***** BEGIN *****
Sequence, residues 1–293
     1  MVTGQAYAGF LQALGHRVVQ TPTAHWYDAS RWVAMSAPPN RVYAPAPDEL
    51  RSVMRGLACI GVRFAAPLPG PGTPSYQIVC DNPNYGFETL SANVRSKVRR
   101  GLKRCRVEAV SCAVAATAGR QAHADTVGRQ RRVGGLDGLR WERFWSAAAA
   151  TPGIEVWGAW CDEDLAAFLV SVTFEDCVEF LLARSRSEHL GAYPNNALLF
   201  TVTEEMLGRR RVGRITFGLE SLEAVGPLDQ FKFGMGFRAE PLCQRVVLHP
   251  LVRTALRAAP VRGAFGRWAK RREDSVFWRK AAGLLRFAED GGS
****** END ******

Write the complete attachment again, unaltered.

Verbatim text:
Sequence, residues 1–293
     1  MVTGQAYAGF LQALGHRVVQ TPTAHWYDAS RWVAMSAPPN RVYAPAPDEL
    51  RSVMRGLACI GVRFAAPLPG PGTPSYQIVC DNPNYGFETL SANVRSKVRR
   101  GLKRCRVEAV SCAVAATAGR QAHADTVGRQ RRVGGLDGLR WERFWSAAAA
   151  TPGIEVWGAW CDEDLAAFLV SVTFEDCVEF LLARSRSEHL GAYPNNALLF
   201  TVTEEMLGRR RVGRITFGLE SLEAVGPLDQ FKFGMGFRAE PLCQRVVLHP
   251  LVRTALRAAP VRGAFGRWAK RREDSVFWRK AAGLLRFAED GGS